A star rating of 4 out of 5.

Playing in competition at this year’s Venice Film Festival, Michael Mann’s Ferrari is a hefty period piece that takes us deep into the world of one of the most iconic names in motorsport. A silver-haired Adam Driver plays Enzo Ferrari, who together with his wife Laura (a fiery Penélope Cruz) started the famed Italian automobile company in 1947.


The film takes place a decade later, after Ferrari has given up racing and his business is haemorrhaging money. He’s also a philanderer, his long-suffering wife barely tolerating his frequent infidelities.

Eight years on from Mann’s last film, the cyber-thriller Blackhat, Ferrari is a long-gestating project from the acclaimed director of Manhunter, Last of the Mohicans and Heat.

If anything points to this, it’s that the script is written by the Scottish scribe Troy Kennedy Martin, who adapted Brock Yates’ definitive 1991 biography Enzo Ferrari: The Man and the Machine. Kennedy Martin, who famously wrote The Italian Job and BBC TV classic Edge of Darkness, died in 2009.

An ex-racing driver, Ferrari is shown here as ruthless and unsentimental, as seen in an early moment where one of his drivers is killed in an accident on the track. Without blinking, he recruits an ambitious young racer, Alfonso De Portago (Gabriel Leone), who has been pestering him for a job.

Really, the film is a snapshot of Ferrari as he builds towards throwing his team into the Mille Miglia, an open-road endurance race that saw drivers compete on a circuit that loops between Brescia and Rome.

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While Mann takes pleasure in detailing the visceral thrills of the sport – the sound design, as engines roar, truly purrs – it’s Ferrari’s relationship with Laura that leads the race. A year earlier, in 1956, they lost their boy Dino to illness.

Without her knowledge, Ferrari has sired another son, Piero, with Lina Lardi (Shailene Woodley), a woman he’s secretly installed in a property outside of Modena. The Catholic boy’s confirmation is coming, and his mother wants to know if he will take the surname ‘Ferrari’ or not. But with Laura owning half the business, and negotiations ongoing to save the company, any such personal revelations could lead to total implosion.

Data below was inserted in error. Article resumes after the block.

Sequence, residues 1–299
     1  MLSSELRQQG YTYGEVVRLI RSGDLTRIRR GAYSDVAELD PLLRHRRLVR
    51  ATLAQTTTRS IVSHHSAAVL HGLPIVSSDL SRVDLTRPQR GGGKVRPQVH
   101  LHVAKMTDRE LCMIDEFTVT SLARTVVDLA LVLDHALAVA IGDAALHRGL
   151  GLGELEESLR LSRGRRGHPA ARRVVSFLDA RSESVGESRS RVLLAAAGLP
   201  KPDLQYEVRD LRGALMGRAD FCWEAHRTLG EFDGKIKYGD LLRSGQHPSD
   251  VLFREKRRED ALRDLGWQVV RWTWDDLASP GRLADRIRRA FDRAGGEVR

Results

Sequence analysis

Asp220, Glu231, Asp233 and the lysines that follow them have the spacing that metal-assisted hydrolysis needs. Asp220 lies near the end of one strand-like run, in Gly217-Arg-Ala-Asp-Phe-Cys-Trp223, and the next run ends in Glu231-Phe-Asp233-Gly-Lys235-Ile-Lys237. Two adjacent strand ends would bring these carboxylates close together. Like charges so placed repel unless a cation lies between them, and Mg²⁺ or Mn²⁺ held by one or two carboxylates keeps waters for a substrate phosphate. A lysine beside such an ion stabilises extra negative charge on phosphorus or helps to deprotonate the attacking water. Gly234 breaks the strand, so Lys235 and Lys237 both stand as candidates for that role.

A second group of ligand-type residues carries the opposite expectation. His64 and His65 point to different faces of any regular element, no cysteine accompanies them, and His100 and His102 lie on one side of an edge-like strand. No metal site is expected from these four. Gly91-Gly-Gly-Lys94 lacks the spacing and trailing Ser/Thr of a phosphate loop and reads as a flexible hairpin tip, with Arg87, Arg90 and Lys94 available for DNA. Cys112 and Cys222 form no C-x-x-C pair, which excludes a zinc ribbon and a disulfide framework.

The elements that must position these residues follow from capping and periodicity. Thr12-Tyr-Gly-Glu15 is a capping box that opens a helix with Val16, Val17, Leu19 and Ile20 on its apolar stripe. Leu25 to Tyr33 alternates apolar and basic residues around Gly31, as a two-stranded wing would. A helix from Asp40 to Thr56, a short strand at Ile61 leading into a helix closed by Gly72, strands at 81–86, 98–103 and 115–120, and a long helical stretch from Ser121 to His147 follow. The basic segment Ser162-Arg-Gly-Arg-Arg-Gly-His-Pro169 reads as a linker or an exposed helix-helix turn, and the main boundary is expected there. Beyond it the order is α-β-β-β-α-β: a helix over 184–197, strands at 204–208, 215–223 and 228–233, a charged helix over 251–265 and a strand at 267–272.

With English the predominant language spoken here, all of the main cast adopt Italian accents, which takes some getting used to. Driver has already been there with Ridley Scott’s House of Gucci, when he played Maurizio Gucci, part of the famed Italian fashion clan.

Here, although his accent holds, he’s on more muted form – and you may be left wishing Mann had chosen an Italian native for the role. Cruz, however, is sensational, tearing up the screen as the slighted woman all too aware that their downfall is of their own making. “This is God’s way of punishing us,” she says.

For a director who is known for his compelling portrayals of masculinity, it’s pleasing to see Mann paying attention to the female characters. Woodley’s mistress sees another great performance, though it's a pity that Sarah Gadon is rather shortchanged in the role of Linda Christian, the famed actress who takes up with De Portago.

Likewise, British star Jack O’Connell (Starred Up) flits in and out as fellow driver Peter Collins. Still, Grey’s Anatomy star Patrick Dempsey, a renowned auto fan, looks comfortable behind the wheel as Italian racing driver Piero Taruffi.

While Ferrari doesn’t stack up alongside Mann’s finest work – a near impossible task anyway, you might think – there is at least one jaw-dropping set-piece here that’ll be talked about for years, as well as smaller moments of real humanity (like the delight on a child’s face when he’s handed a half-eaten banana from one of the racing stars).

In the end, it’s best seen not as a sports drama, but a portrait of a man at breaking point, personally and professionally, and what it takes to get him back on track.

Ferrari will be released in UK cinemas on 26th December ahead of launching on Sky Cinema in 2024. Read more of our Film coverage, or visit our TV Guide and Streaming Guide to see what's on tonight.


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